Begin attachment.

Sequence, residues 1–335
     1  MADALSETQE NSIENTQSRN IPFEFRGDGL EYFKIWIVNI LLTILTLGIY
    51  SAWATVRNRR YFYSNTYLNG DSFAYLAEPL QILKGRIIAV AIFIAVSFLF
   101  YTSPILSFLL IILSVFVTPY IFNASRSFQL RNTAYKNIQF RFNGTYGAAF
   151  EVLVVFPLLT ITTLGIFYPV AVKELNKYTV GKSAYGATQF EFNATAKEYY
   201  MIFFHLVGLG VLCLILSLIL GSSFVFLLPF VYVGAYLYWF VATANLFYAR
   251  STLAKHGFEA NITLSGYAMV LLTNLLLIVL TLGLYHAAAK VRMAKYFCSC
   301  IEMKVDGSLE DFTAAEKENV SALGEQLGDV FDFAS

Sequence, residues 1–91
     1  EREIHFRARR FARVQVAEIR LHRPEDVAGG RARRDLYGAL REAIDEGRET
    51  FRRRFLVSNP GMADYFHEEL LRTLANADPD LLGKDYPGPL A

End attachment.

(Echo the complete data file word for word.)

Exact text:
Sequence, residues 1–335
     1  MADALSETQE NSIENTQSRN IPFEFRGDGL EYFKIWIVNI LLTILTLGIY
    51  SAWATVRNRR YFYSNTYLNG DSFAYLAEPL QILKGRIIAV AIFIAVSFLF
   101  YTSPILSFLL IILSVFVTPY IFNASRSFQL RNTAYKNIQF RFNGTYGAAF
   151  EVLVVFPLLT ITTLGIFYPV AVKELNKYTV GKSAYGATQF EFNATAKEYY
   201  MIFFHLVGLG VLCLILSLIL GSSFVFLLPF VYVGAYLYWF VATANLFYAR
   251  STLAKHGFEA NITLSGYAMV LLTNLLLIVL TLGLYHAAAK VRMAKYFCSC
   301  IEMKVDGSLE DFTAAEKENV SALGEQLGDV FDFAS

Sequence, residues 1–91
     1  EREIHFRARR FARVQVAEIR LHRPEDVAGG RARRDLYGAL REAIDEGRET
    51  FRRRFLVSNP GMADYFHEEL LRTLANADPD LLGKDYPGPL A